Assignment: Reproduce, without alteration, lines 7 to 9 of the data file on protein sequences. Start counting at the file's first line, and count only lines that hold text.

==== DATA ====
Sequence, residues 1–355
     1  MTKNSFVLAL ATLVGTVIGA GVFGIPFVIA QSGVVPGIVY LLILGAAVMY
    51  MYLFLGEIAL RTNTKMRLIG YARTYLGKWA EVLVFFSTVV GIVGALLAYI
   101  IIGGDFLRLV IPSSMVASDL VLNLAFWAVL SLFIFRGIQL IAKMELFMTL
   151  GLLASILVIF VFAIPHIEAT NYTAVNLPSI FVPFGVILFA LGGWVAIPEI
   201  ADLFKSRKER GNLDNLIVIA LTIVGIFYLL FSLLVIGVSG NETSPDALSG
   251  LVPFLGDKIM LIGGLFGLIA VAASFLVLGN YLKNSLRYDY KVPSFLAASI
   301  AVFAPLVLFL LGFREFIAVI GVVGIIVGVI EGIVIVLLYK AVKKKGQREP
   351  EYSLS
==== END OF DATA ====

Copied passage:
   251  LVPFLGDKIM LIGGLFGLIA VAASFLVLGN YLKNSLRYDY KVPSFLAASI
   301  AVFAPLVLFL LGFREFIAVI GVVGIIVGVI EGIVIVLLYK AVKKKGQREP
   351  EYSLS